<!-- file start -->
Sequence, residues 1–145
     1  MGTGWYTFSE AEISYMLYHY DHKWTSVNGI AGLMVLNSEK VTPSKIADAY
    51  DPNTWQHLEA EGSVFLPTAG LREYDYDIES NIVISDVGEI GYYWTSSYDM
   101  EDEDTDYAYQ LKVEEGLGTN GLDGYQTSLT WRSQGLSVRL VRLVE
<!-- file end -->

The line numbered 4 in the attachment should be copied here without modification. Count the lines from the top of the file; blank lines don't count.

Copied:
   101  EDEDTDYAYQ LKVEEGLGTN GLDGYQTSLT WRSQGLSVRL VRLVE